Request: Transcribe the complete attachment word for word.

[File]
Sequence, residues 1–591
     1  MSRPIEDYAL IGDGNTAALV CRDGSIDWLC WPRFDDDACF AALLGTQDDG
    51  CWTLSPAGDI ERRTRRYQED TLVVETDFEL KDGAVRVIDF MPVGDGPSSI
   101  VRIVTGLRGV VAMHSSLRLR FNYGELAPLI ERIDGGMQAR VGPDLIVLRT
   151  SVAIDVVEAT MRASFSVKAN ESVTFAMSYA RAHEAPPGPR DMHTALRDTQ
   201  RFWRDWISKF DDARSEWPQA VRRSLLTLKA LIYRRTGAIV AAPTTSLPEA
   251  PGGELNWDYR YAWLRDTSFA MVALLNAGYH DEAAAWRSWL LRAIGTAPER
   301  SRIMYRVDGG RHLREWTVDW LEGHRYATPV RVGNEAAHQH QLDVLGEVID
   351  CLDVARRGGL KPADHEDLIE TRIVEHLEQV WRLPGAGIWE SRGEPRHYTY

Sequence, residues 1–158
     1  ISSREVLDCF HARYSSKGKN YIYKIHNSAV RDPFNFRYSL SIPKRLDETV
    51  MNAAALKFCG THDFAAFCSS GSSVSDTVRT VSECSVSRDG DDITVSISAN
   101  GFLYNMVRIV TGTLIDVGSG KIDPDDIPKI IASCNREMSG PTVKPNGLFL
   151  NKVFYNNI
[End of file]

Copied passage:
Sequence, residues 1–591
     1  MSRPIEDYAL IGDGNTAALV CRDGSIDWLC WPRFDDDACF AALLGTQDDG
    51  CWTLSPAGDI ERRTRRYQED TLVVETDFEL KDGAVRVIDF MPVGDGPSSI
   101  VRIVTGLRGV VAMHSSLRLR FNYGELAPLI ERIDGGMQAR VGPDLIVLRT
   151  SVAIDVVEAT MRASFSVKAN ESVTFAMSYA RAHEAPPGPR DMHTALRDTQ
   201  RFWRDWISKF DDARSEWPQA VRRSLLTLKA LIYRRTGAIV AAPTTSLPEA
   251  PGGELNWDYR YAWLRDTSFA MVALLNAGYH DEAAAWRSWL LRAIGTAPER
   301  SRIMYRVDGG RHLREWTVDW LEGHRYATPV RVGNEAAHQH QLDVLGEVID
   351  CLDVARRGGL KPADHEDLIE TRIVEHLEQV WRLPGAGIWE SRGEPRHYTY

Sequence, residues 1–158
     1  ISSREVLDCF HARYSSKGKN YIYKIHNSAV RDPFNFRYSL SIPKRLDETV
    51  MNAAALKFCG THDFAAFCSS GSSVSDTVRT VSECSVSRDG DDITVSISAN
   101  GFLYNMVRIV TGTLIDVGSG KIDPDDIPKI IASCNREMSG PTVKPNGLFL
   151  NKVFYNNI